All of my life I’ve had fluctuating weight. It is not unusual for me to gain, lose, and then regain twenty pounds, or more, every year. Because of this, I keep at least three different sizes of clothing at hand. When people give the advice “if you haven’t worn it in six months, get rid of it” I ignore them. Most of my clothes are “classic” style that never go out of style. I could not afford to keep buying new clothes every year when my size changes!
When I lived in New England, my weight gain often coincided with winter, and I called it my “winter weight.” That really did not seem to be related to what I ate, or what activities I participated in. My doctor always seemed to be fine with my weight, whatever it was. Interestingly enough, for about the past twenty years, I have been “borderline diabetic” which means that my A1C count was “almost” at the diabetic level. The doctor always had someone from staff call me with the blood test results, and counsel me on what foods to eat, what foods to avoid, and counsel weight loss. Even when my weight was below the accepted normal weight for a woman my age and height!
What has been frustrating is that I have always eaten the “right foods” and avoided the “bad foods” and it makes no difference in my A1C levels. I would have to say that my weight fluctuations have been related to medications that I have been on, and related to stress levels. Sometimes I stress-eat. Sometimes I stress-fast. Whatever. No matter what my weight has been, since I started having children, my doctor has never told me to my face (and the official guidelines for healthy weight for a woman my age always say I am within the normal range) that I need to change my weight. The last time my doctor was concerned was when I was pregnant, and he told me I was gaining too much weight too fast. So I stopped eating a donut for a between breakfast and lunch snack, and switched to yogurt. Problem solved.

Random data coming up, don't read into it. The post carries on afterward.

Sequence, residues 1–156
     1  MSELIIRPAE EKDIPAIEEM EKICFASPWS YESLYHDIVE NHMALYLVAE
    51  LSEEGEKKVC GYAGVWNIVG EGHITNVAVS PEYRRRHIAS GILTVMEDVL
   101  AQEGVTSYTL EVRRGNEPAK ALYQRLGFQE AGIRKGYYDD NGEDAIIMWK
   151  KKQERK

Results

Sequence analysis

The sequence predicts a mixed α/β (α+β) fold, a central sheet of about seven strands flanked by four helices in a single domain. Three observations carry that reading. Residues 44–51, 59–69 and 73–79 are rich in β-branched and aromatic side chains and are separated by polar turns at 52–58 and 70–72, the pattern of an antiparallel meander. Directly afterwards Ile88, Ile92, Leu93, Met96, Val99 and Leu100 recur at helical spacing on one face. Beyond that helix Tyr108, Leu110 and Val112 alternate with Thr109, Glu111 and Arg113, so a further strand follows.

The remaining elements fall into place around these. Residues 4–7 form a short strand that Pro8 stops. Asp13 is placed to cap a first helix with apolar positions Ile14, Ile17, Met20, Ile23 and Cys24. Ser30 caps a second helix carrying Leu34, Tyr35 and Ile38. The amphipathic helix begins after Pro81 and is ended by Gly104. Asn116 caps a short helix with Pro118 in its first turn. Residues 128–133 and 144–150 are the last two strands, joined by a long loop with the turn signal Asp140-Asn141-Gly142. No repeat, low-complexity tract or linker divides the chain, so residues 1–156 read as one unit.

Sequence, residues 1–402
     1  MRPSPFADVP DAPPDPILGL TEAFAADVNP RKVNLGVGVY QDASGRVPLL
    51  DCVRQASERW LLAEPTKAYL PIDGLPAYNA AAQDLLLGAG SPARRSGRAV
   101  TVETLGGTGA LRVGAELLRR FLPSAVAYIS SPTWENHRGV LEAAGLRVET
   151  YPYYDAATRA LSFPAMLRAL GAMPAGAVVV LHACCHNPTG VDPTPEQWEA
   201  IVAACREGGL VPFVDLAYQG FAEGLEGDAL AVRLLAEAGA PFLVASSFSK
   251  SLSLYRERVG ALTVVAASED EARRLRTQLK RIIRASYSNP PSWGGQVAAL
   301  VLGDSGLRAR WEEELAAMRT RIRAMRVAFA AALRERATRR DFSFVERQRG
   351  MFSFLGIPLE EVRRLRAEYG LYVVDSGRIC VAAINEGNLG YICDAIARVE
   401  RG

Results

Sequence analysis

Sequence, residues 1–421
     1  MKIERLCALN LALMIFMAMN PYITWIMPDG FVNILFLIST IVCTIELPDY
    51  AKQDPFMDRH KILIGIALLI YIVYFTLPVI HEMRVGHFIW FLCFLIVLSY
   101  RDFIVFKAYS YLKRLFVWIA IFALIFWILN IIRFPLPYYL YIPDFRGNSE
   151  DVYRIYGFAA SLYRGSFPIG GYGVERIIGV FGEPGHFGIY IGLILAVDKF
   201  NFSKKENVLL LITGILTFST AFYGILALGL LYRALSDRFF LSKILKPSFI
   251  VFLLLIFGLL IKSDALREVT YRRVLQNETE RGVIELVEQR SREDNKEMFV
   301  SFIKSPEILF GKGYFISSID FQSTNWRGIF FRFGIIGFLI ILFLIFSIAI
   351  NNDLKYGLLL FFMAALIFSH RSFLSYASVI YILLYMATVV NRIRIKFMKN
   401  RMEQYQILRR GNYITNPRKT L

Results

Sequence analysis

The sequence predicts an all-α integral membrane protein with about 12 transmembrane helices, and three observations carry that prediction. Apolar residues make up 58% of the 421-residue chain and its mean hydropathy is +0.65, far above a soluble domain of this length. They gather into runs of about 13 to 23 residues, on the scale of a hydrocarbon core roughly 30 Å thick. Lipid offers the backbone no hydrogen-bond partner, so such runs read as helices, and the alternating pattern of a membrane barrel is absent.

One of the interesting things about getting together with extended family for holiday celebrations, is how many of the family members feel that they need to comment on my weight. Most of them are critical of my weight, no matter what weight I am at the time. That makes family gatherings very interesting for me. Knowing that my family cares is fine, but it is hard to keep from feeling defensive all of the time about my weight when my doctor keeps telling me that I am fine (except for being borderline diabetic, which seems to simply be a forever state of being for me!)